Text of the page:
On Friday, we finally caught the ferry from Port Townsend to Whidbey Island. Coupeville is a charming small town in the center of the island and is the second oldest town in Washington State. We walked along the waterfront through the town’s historic district and found a great local restaurant for lunch. I had a delicious chicken chili with Rockwell beans. These highly prized local beans are white with cranberry mottling and have a wonderful flavor. We even decided to buy a bag of dried beans to take home with us.
|Down to the Coupeville Wharf
|Historic Downtown Coupeville
|Chili with Rockwell Beans
Coupeville is located on Penn Cove, home of the famous Penn Cove mussels. Unfortunately, we have not been able to sample any mussels because a derelict crabbing boat in Penn Cove caught fire, sank and began to leak oil last week. The spill resulted in the closure of the cove to shellfish harvesting. Let’s just hope that there will be no long term impact on this industry.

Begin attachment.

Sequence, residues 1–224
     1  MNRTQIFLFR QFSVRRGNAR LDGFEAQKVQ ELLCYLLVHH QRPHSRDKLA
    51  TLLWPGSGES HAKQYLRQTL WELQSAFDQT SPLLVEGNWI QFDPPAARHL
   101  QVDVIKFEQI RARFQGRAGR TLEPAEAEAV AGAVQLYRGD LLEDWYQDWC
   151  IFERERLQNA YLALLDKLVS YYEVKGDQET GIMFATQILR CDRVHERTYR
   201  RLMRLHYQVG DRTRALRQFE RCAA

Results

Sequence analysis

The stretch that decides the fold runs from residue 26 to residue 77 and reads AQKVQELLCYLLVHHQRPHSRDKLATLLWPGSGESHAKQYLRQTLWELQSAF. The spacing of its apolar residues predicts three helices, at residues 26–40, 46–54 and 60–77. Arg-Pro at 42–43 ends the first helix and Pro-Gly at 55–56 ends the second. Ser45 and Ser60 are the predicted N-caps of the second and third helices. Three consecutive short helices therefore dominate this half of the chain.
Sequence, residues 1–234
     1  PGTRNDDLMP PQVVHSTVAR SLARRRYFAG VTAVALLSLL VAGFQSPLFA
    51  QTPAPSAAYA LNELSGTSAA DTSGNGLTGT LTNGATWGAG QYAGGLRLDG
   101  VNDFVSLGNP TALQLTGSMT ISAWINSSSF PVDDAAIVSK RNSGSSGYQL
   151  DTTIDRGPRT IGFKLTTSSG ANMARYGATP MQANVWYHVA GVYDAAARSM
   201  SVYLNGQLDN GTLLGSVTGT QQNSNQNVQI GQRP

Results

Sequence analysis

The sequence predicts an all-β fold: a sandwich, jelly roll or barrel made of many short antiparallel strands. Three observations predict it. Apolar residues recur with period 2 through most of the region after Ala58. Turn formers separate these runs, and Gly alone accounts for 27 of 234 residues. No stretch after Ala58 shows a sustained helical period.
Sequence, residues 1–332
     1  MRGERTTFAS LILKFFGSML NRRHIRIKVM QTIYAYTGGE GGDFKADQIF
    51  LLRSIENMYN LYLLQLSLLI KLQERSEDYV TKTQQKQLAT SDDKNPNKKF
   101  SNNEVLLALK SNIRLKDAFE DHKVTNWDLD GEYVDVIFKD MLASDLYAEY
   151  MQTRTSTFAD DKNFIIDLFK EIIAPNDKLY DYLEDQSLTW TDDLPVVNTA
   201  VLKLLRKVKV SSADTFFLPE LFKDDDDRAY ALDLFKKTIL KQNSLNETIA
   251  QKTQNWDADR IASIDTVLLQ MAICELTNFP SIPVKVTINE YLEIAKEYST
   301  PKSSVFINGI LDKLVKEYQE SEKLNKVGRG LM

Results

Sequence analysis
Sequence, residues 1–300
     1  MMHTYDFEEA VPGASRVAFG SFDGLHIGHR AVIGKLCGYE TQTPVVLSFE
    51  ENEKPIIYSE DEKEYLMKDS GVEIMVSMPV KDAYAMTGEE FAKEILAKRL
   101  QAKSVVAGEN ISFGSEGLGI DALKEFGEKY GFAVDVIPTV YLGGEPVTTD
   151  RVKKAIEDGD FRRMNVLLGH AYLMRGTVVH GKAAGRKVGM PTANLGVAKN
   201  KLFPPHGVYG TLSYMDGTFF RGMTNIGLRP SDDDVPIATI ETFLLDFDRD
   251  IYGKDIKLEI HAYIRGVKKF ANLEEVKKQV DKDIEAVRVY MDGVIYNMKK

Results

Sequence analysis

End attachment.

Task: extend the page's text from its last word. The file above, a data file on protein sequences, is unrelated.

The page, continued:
While we were in Coupeville, we learned about Ebey’s Landing National Historical Reserve, the first unit of its kind in the National Park system. This is not your typical national park unit. Ebey’s Landing is a unique cultural landscape, and the reserve is dedicated to the preservation and enhancement of the historic rural countryside. The area looks much the same today as it did when it was discovered by New England sea captains and farmers.
What is interesting is that virtually all of the land is privately owned. Historic farms are still farmed and historic buildings are still occupied. We followed the driving tour around the reserve where we saw natural prairies and beautiful farmlands, a sandy beach with high bluffs and sweeping views of the Strait of San Juan de Fuca, gently rolling hills and a protected cove. It was a beautiful drive. Credit goes to the islanders who have worked and fought to protect their heritage.
|Ebey's Prairie and Farmstead
|The Beach at Ebey's Landing
|Historic Structures, Such as the Davis Blockhouse, Dot the Landscape
We continued to the northern end of Whidbey Island and crossed Deception Pass on an iconic bridge. The views from the bridge were just spectacular. We arrived in Anacortes, where the Washington State Ferries depart for the San Juan Islands and British Columbia. It’s a busy place, especially on weekends and in the summer.